J. L. Mueller, Inc. Universal Design at Work      
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Case Studies

Case Study :: Making the Job Easier for Everyone

There are many examples of successful job accommodation benefiting all workers. Employers in these situations commonly ask, "Why didn't we do this in the first place?" With growing emphasis on reducing risk of cumulative and repetitive stress injuries due to poor work and tool design, supervisors might well ask this question. The supervisor in the case below realized the importance of a simple tool in preventing injuries to other employees, as well as in accommodating the worker with the disability. In situations like these, employees formerly seen as "different" due to their disabilities help to identify job and workplace design problems affecting all workers. Their ergonomic needs become effective templates for improvements in job and workplace design for all…

Photo of a man and a woman kneeling on a factory floor and handling a 4-foot diameter coil of metal strip.Robert experienced moderate limitations of judgment, balance, and coordination. Through his vocational rehabilitation counselor, he was hired by a window manufacturer to cut rolls of metal strips into short pieces with hand snips. The supervisor felt this would be a good entry level job for Robert, since there was plenty of margin for error - strips could vary from 9" to 24" in length. This job had previously been performed in a kneeling position on the floor, since the full roll of metal strip was large and heavy, and once the clips binding the roll of strip were cut, the roll uncoiled suddenly and became very unwieldy to move. Understandably, no employee enjoyed this job.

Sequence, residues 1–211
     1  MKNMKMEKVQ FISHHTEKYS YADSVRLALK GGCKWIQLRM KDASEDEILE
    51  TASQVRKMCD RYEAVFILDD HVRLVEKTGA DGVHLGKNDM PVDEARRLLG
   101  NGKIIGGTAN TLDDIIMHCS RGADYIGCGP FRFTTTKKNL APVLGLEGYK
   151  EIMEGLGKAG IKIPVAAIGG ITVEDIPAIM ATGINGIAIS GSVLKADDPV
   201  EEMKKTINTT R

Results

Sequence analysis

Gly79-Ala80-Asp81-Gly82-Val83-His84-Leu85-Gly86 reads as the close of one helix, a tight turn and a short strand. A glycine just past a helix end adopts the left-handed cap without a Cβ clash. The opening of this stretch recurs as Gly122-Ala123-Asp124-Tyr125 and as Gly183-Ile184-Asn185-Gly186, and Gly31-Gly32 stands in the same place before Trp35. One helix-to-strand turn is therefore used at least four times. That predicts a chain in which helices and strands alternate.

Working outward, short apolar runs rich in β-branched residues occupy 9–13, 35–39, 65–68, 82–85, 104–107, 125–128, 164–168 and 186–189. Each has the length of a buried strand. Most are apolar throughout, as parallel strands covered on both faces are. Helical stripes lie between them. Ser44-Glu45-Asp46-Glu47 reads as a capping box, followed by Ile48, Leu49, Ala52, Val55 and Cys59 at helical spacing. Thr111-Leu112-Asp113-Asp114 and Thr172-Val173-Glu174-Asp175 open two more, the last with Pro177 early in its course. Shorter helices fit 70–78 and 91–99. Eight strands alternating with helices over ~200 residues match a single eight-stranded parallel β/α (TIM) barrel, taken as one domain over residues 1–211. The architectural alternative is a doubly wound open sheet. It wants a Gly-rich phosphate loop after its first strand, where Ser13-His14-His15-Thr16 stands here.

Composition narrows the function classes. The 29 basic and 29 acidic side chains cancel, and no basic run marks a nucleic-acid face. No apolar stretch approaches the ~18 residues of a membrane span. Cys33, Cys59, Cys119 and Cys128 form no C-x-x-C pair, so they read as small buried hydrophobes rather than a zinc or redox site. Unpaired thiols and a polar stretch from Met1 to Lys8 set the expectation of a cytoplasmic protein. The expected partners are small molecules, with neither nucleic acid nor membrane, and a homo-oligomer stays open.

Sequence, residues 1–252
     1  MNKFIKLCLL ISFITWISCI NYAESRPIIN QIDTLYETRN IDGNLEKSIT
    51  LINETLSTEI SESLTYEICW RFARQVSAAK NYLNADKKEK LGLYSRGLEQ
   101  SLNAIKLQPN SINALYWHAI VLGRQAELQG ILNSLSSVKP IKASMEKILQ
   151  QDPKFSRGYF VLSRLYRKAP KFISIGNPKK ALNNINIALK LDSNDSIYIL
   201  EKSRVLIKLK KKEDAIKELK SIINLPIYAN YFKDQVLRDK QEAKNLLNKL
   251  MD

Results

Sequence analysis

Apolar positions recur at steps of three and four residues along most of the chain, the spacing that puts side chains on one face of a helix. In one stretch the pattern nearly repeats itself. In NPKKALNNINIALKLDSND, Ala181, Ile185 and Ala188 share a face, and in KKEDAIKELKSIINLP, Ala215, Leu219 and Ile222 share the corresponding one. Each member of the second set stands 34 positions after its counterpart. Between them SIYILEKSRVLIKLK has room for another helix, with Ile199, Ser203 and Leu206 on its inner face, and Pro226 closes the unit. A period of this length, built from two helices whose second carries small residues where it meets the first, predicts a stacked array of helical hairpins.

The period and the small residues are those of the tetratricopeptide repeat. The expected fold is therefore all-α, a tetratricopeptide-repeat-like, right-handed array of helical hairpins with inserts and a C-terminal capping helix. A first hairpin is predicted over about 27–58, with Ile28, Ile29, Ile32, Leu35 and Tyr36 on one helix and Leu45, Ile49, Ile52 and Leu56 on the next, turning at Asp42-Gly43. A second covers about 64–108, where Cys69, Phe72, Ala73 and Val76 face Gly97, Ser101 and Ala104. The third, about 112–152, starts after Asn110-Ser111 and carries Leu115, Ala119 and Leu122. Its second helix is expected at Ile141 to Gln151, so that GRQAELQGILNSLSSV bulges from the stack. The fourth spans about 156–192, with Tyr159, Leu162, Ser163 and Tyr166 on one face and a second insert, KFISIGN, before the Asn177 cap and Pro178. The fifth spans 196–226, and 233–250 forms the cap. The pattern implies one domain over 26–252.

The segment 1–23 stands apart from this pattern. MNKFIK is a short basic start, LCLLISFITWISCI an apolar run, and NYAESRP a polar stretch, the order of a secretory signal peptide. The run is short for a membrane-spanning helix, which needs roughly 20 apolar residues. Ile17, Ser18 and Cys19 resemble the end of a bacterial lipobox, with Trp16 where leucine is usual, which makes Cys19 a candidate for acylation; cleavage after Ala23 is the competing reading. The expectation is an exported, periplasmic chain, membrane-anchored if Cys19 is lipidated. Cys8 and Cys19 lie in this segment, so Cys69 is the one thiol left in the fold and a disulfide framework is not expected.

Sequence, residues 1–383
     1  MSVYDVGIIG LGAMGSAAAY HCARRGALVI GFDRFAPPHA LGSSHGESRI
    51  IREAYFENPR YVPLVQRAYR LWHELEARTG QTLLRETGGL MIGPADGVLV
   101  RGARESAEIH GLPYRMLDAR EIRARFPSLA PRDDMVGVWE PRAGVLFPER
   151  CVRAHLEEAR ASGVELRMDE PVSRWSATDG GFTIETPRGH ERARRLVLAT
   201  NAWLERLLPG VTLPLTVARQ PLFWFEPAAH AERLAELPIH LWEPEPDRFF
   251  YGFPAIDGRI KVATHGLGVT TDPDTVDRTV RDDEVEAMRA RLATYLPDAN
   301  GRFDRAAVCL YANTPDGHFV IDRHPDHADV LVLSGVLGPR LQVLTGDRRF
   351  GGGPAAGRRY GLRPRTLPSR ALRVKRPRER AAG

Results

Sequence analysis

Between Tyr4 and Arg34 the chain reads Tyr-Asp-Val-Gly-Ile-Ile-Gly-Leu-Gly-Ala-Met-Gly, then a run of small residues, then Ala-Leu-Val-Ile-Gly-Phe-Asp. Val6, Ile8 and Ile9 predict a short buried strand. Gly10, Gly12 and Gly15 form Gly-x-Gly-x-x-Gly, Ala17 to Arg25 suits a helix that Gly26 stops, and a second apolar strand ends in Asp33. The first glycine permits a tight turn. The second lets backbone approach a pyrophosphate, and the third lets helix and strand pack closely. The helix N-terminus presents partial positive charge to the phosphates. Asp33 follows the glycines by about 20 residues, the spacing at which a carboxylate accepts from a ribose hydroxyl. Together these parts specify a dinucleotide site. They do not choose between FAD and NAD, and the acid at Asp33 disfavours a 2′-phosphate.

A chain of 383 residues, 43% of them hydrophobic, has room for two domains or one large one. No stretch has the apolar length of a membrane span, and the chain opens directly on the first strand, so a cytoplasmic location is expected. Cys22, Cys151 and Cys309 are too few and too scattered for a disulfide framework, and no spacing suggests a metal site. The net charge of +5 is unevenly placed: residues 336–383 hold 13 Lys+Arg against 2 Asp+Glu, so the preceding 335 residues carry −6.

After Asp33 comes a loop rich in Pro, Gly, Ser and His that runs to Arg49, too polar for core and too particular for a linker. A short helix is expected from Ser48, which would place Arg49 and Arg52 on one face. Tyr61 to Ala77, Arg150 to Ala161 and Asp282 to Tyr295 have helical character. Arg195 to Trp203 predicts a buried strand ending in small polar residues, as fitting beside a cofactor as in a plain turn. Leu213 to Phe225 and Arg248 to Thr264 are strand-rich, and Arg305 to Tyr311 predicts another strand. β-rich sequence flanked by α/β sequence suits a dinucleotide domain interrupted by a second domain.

Photo of a man and a woman standing next to a workbench and holding a 4-foot diameter coil of metal strip.The supervisor first demonstrated the job to Robert, showing the approximate length needed and how to avoid the sharp end of the metal roll as it sprang back to the spool when each cut was made. She also made two marks on the floor to clearly indicate the proper strip length. Despite the demonstrations, Robert's balance and coordination limitations made it difficult for him to kneel on the floor and avoid cuts from the recoiling metal strip. Both he and his supervisor became frustrated from several attempts to improve the situation.

Photo of a man cutting 9" strips from a coil of metal strip held in a large-scale wooden tape dispenser.Finally, a desktop tape dispenser provided the inspiration for a simple and successful accommodation. A very large "tape dispenser" was fabricated from plywood to hold the tape at a comfortable height above the floor. A roller allowed the end of the metal tape to be slid through a gate to a stop exactly 9" from a slot for the snips. Presented with this tool, Robert was able to immediately - and safely - perform the job more quickly and efficiently than other employees, and without any waste, since each strip was no longer than the minimum length.